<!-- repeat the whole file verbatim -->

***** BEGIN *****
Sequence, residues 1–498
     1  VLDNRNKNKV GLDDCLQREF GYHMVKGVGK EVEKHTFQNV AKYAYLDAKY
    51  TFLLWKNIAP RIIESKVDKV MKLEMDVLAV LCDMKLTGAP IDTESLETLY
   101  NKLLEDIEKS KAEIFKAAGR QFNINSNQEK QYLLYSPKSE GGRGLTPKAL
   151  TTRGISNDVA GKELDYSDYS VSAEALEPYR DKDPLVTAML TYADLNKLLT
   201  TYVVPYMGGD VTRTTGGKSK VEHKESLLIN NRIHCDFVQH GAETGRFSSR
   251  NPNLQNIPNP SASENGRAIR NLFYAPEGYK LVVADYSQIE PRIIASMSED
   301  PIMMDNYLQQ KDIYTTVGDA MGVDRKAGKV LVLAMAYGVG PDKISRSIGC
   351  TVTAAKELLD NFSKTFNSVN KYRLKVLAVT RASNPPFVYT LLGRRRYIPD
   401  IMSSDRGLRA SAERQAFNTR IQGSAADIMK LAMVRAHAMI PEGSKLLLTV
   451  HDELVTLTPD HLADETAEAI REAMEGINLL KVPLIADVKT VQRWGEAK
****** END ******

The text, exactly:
Sequence, residues 1–498
     1  VLDNRNKNKV GLDDCLQREF GYHMVKGVGK EVEKHTFQNV AKYAYLDAKY
    51  TFLLWKNIAP RIIESKVDKV MKLEMDVLAV LCDMKLTGAP IDTESLETLY
   101  NKLLEDIEKS KAEIFKAAGR QFNINSNQEK QYLLYSPKSE GGRGLTPKAL
   151  TTRGISNDVA GKELDYSDYS VSAEALEPYR DKDPLVTAML TYADLNKLLT
   201  TYVVPYMGGD VTRTTGGKSK VEHKESLLIN NRIHCDFVQH GAETGRFSSR
   251  NPNLQNIPNP SASENGRAIR NLFYAPEGYK LVVADYSQIE PRIIASMSED
   301  PIMMDNYLQQ KDIYTTVGDA MGVDRKAGKV LVLAMAYGVG PDKISRSIGC
   351  TVTAAKELLD NFSKTFNSVN KYRLKVLAVT RASNPPFVYT LLGRRRYIPD
   401  IMSSDRGLRA SAERQAFNTR IQGSAADIMK LAMVRAHAMI PEGSKLLLTV
   451  HDELVTLTPD HLADETAEAI REAMEGINLL KVPLIADVKT VQRWGEAK